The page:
A jammer can block radio communications on devices that operates on a given radio frequencies within its range (i.e., within a certain distance of the jammer) by emitting a noise radio carrier. A GPS jammer generates a 1575.42 Mhz interference to prevent your GPS unit from receiving correct positioning signals. The GPS jammer is typically a small, self-contained, battery powered and transmit signal over a small radius. Though illegal to use, these low-tech devices can be bought on the internet for as little as $25. Since they can block devices that record a vehicle’s movements, they’re popular with truck drivers who don’t want an electronic spy in their cabs. They can also block GPS-based road tolls that are levied via an on-board receiver. GPS jamming technology will also disable autopilot in drones to protect individuals' privacy.
In the US federal law prohibits the sale or use of a transmitter (e.g., a jammer) designed to block, jam, or interfere with wireless communications. For this reason some jammer retailers now label jammers as “signal generator kit” so it will just slip through customs and them is to purchaser  sole responsibility for ensuring that the operation complies with the applicable laws. One of these “GPS signal generator kit” is the Dealextreme QH-1 Professional GPS Signal Generator Module (It seems that the QH-1 GPS jammer ran out of stock and will not be manufactured anymore, but you can still find HJ-3A GPS and cell phone jammer.).  I’ve always wondered what’s inside these jammers, given their cost, so i purchased one “signal generator module” and put under test with RF laboratory equiment, disassembled and photographed them for all to enjoy.
The PCB is named NBC-Q101A\A101B\QH2. All components except LEDs are surface mount, with some integrated circuits used throughout the design.  A pair of NE555 & NE556 generate a low frequency noise signal that is feed to a Murata MQK301-1528 voltage-controlled oscillator or VCO. These Murata VCO are normally used as 1st LO in Wireless Local Loop and has a 1466.0-1590.0 frequency range. The VCO output signal is then amplified with a unknown RF Transistor,  a semiconductor device which is used in order to amplify radiowaves.

You can compare this jammer design with previously published one by the Phrack hacker magazine how to make a low-cost GPS jammer. Phrack design uses a different noise generator made from a diode and LM386 audio amplifier, and a PLL oscillator instead of a VCO.

We did spectral tests on the QH-1 Module and this simple design have surprisingly almost no excessive spurious emissions or harmonics, that is outside jamming the GPS L1 Signal. So this jammer will not disable your cellphone or wifi, only your GPS receiver.

After measuring output power with lab equipment and considering the provided quarter wave antenna the estimated range of this unit is 15-30 meters in the open. When using GPS receivers in city urban canyons with tall buildings, the shadowing and multi-path effects results in poor GPS signal reception and jammer range can be even hundreds of meters at street level.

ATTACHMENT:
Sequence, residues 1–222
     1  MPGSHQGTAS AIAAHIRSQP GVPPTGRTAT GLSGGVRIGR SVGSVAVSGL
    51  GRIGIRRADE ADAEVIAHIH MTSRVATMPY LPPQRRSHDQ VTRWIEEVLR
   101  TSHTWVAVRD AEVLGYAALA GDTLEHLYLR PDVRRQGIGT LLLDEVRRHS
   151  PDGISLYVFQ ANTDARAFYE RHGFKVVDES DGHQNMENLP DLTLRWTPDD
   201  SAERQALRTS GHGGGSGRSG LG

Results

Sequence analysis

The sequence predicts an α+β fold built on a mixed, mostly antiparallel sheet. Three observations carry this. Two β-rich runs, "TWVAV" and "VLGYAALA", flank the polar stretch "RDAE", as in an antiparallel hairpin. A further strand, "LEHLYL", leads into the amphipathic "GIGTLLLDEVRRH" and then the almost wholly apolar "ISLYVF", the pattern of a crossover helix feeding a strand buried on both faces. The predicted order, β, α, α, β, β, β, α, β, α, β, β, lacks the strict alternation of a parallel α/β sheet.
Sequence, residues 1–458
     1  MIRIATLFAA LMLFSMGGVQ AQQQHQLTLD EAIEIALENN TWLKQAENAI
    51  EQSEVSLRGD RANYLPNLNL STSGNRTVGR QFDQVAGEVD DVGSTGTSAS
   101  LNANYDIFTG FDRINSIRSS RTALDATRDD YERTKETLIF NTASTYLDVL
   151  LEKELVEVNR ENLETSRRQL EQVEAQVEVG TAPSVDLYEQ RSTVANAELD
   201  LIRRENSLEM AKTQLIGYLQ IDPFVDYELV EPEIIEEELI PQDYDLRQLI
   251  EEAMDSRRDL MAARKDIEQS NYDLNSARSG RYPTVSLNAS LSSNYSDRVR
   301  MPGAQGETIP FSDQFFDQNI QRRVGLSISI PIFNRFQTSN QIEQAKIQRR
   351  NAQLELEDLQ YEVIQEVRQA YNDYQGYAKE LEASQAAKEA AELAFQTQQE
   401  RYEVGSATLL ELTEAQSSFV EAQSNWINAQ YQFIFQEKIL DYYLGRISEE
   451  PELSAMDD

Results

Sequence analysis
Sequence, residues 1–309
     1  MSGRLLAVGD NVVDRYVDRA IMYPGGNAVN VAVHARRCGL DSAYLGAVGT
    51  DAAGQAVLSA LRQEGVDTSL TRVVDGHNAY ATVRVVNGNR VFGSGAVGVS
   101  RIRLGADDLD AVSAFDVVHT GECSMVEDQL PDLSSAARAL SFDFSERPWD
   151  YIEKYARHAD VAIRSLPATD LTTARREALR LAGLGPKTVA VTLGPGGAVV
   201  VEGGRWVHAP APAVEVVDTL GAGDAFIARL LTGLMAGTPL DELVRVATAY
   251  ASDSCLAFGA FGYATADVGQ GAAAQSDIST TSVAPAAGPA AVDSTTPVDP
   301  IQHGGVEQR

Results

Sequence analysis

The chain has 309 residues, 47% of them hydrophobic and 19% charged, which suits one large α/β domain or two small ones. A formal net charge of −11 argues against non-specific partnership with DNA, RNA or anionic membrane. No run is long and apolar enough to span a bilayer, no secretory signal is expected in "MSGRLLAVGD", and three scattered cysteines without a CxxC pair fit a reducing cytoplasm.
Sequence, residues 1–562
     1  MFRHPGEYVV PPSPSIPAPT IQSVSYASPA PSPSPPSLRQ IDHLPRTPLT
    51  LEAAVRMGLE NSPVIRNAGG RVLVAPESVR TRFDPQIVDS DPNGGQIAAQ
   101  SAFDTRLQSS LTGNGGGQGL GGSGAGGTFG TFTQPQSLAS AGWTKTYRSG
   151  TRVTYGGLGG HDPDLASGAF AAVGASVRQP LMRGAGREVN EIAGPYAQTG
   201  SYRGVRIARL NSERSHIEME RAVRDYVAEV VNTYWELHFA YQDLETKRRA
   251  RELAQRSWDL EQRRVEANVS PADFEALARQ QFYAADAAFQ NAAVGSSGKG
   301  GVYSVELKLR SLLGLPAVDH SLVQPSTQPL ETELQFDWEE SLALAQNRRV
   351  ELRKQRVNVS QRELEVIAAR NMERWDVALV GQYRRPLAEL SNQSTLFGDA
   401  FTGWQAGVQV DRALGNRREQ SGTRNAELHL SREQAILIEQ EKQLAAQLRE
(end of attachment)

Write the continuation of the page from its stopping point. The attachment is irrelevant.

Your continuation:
It must be noted again that the use of jammers is not only unethical but is also illegal and potentially dangerous. In one case, a New Jersey driver used a powerfull jamming device to disable a tracking device in his work truck.  He was working on a job inside the Newark Liberty International Airport when his jamming signal interrupted air traffic control. An FCC investigator was able to locate the jammer using radio monitoring equipment and prove that it was causing interference. The offending driver was fined.

Warwalking WiFi networks with ESP8266 IoT Module

The term wardriving generally covers the practice of discovering and mapping the wireless networks available in a particular area. Useful statistics are gathered from this activity, including statistics on the encryption used in discovered networks. Wardriving does not include the unethical activity of unauthorised connection to wifi networks (encrypted or unencrypted).

Warwalking, or warjogging, is similar to wardriving, but is done on foot rather than from a moving vehicle. Today you could just use Wardriving Apps on your smartphone.  But using inexpensive ESP8266-based modules you can make yourself a much smaller device that fits in the palm of your hand thanks to Ray Burnette.

The ESP8266 is a low-cost Wi-Fi chip with full TCP/IP stack and microcontroller capability produced by Shanghai-based Chinese manufacturer, Espressif Systems. The chip first came to the attention of western makers in 2014 when Espressif released a SDK that allowed the chip to be programmed, removing the need for a separate microcontroller. Thanks to the Arduino-compatible firmware for the ESP8266 which makes accessing the WiFi functionality easy - along with controlling inexpensive OLED displays. The combination of the two and a power supply rounds the device off which will scan for open networks and display their SSID, for example:

Furthermore Ray has also documented a basic framework for Arduino-compatible WiFi projects using the ESP8266 which will prove useful for further experimenting. So to get started, head over to the Warwalking project on And if you're interested in making your own version here is your shopping list:
Ray took this project a step further and put it all into a small 2x AA plastic battery case that has a little switch. To make room for the ESP8266, he is using a 3.3V LiFePO4 "AA" rechargeable cell. That leaves 50% of the interior space.

Originally ray's code "latched" onto the open access point and requested an IP address just to prove the WiFi was truly open; but various laws govern connecting anonymously to private WiFi networks, so the project was changed to simply identify their presence. Galvanizado!